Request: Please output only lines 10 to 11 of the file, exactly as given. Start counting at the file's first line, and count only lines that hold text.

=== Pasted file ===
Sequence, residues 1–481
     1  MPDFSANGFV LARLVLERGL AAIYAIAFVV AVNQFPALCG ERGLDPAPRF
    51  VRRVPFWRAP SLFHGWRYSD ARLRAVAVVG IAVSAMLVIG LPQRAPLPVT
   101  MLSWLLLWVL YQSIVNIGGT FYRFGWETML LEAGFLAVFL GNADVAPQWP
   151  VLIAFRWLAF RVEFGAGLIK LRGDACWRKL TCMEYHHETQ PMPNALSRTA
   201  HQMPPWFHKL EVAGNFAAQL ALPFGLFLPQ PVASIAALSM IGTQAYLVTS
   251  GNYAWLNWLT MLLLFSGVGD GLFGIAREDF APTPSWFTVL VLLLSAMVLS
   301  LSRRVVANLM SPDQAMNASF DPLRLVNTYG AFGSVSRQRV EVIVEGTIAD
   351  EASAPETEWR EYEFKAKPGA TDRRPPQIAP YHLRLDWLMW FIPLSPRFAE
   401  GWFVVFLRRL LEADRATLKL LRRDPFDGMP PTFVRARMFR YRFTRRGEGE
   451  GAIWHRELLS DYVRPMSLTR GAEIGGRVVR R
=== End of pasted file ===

   401  GWFVVFLRRL LEADRATLKL LRRDPFDGMP PTFVRARMFR YRFTRRGEGE
   451  GAIWHRELLS DYVRPMSLTR GAEIGGRVVR R